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LAS VEGAS - Retailers at TWICE's annual CES Retail Roundtable stressed the importance of remaining alert and working hard to maintain the growth they saw in 2000, in the face of a possible economic downturn.
"It's foolish to look at 2001 and not take a little more conservative approach," said Dave Workman, president of Ultimate Electronics. "It's going to take work."
Panelists included Workman, Amazon.com CE VP Chris Payne, Best Buy executive VP Mike Linton, 800.com senior VP Frank Sadowski, Good Guys president Ken Weller, RadioShack president Dave Edmondson, Tweeter senior VP Shelley Miller, MARTA executive director Warren Mann and NPD Intelect analyst Jim Hirschberg. TWICE senior editor Alan Wolf moderated the event.
Naming digital televisions, personal video recorders, digital cameras and digital camcorders as high-selling items, the retailers said they finished 2000's holiday selling season with impressive results.
"We did really well in high-end television," Weller said. "Our December month was actually better than October and November. We delivered literally thousands of them in the last two weeks of December."
Hirschberg added that "anything cassette-based tanked. VCRs are moving [out], giving way to DVD. The CD player was one of the losers, while the CD-recorder was one of the biggest sellers. So, it's sort of trading off old technologies for new."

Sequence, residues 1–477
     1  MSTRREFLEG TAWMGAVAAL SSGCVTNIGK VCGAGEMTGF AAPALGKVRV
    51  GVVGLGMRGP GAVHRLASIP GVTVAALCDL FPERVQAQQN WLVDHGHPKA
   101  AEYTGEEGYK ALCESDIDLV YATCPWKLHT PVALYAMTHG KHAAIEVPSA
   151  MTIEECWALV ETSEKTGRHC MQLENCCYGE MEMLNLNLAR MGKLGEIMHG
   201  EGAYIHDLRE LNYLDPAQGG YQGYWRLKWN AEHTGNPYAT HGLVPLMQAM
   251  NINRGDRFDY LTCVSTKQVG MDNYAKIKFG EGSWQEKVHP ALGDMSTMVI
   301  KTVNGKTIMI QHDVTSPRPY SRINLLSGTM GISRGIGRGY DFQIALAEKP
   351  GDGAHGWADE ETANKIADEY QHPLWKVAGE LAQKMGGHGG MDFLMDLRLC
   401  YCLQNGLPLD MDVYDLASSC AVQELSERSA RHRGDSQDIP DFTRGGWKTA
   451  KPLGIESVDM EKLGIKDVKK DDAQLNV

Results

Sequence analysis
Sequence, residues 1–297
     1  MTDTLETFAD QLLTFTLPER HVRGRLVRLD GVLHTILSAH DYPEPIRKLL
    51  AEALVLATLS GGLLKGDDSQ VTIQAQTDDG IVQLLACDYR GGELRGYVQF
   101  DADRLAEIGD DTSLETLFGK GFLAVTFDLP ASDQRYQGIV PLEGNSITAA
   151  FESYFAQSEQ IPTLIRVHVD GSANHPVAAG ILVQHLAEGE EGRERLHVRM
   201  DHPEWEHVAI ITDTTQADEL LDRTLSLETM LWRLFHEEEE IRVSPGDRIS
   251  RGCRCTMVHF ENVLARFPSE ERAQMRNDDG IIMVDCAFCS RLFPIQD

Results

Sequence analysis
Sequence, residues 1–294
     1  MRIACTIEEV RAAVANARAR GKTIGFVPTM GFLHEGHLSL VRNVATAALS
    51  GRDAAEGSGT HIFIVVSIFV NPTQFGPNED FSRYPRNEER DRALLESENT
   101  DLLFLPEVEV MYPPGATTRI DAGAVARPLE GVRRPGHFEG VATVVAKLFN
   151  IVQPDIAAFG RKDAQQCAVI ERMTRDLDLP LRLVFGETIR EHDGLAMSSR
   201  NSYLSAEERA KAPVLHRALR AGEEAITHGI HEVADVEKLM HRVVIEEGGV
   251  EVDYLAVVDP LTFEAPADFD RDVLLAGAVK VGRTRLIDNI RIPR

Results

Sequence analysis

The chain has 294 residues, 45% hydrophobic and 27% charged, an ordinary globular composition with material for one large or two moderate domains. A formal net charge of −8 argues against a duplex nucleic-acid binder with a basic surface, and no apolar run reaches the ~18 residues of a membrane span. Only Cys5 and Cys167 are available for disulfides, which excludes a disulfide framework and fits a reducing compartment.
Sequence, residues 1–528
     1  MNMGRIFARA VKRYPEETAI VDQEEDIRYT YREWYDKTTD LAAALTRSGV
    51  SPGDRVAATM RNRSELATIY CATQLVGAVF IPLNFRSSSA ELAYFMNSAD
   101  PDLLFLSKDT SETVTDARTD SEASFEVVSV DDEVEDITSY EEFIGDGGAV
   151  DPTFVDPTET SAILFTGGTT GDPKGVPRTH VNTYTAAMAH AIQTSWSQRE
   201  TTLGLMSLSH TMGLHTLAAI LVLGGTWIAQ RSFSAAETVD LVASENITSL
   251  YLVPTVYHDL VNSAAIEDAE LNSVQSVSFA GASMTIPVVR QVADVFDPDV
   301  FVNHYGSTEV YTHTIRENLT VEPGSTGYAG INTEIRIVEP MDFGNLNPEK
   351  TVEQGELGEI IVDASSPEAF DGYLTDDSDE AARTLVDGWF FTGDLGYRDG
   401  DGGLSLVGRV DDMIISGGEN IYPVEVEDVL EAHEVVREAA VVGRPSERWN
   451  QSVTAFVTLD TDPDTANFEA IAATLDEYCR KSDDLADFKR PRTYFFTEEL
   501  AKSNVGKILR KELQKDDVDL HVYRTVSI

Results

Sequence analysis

Though all of the retailers pointed to positive sales results, they said it was not an easy feat. "I think there was a sense out there [in the industry] that it wasn't a natural win," Workman said, referring to the various companies' sales reports. "I think we worked harder for that win" than in past holiday seasons.
Some of the challenges the panel members mentioned were striving for better manufacturer relations, lessening consumer confusion regarding emerging technologies with various formats, and keeping high-quality salespeople.
With every retailer on the panel having a website, the general attitude toward the Internet's role in the consumer electronics retail scene has changed since last year. Even the brick & mortar players said they were working to integrate their sites with their stores and pointed to the Internet's influence in creating more educated consumers.
"This is the crossover year for the Internet where it [will] go from being a novelty to being accepted," said Sadowski.
A complete report on the roundtable will appear in the next issue of TWICE.